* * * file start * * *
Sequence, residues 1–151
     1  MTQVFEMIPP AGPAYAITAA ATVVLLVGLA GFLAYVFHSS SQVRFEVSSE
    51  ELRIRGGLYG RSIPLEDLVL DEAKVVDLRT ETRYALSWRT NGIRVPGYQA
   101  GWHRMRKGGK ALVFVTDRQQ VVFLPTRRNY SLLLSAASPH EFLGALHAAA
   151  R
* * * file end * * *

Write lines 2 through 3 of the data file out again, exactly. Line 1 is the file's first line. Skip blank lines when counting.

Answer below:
     1  MTQVFEMIPP AGPAYAITAA ATVVLLVGLA GFLAYVFHSS SQVRFEVSSE
    51  ELRIRGGLYG RSIPLEDLVL DEAKVVDLRT ETRYALSWRT NGIRVPGYQA